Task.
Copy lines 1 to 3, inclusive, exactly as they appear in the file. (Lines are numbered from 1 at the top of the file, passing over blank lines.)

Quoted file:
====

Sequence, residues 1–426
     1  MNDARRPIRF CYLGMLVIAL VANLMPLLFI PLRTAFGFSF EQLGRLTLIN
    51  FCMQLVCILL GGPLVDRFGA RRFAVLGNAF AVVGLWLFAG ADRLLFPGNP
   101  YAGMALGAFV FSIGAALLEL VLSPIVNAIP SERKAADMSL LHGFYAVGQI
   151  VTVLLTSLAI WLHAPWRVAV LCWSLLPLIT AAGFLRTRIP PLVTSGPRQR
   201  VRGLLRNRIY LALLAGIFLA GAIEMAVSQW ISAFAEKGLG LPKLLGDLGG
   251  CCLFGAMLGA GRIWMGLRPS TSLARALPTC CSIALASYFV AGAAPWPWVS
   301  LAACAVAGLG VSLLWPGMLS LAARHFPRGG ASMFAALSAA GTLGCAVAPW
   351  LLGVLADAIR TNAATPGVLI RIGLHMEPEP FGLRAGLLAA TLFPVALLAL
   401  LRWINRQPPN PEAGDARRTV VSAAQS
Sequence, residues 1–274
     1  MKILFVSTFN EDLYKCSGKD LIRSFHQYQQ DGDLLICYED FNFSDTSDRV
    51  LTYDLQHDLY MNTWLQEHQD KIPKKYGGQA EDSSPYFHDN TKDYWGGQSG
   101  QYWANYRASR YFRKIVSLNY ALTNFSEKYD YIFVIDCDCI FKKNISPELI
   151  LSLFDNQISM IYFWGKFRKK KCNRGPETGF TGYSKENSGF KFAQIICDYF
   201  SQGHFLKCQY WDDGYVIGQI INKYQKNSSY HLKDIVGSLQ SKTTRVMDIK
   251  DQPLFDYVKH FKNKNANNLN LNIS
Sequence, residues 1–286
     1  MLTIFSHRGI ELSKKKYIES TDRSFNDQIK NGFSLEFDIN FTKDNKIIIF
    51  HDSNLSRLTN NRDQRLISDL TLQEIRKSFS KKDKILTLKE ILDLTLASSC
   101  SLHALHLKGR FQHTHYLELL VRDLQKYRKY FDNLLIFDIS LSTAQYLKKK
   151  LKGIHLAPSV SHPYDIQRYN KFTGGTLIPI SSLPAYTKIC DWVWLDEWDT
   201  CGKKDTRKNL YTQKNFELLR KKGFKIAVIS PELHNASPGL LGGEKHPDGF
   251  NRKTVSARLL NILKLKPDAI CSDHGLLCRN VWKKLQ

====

Sequence, residues 1–426
     1  MNDARRPIRF CYLGMLVIAL VANLMPLLFI PLRTAFGFSF EQLGRLTLIN
    51  FCMQLVCILL GGPLVDRFGA RRFAVLGNAF AVVGLWLFAG ADRLLFPGNP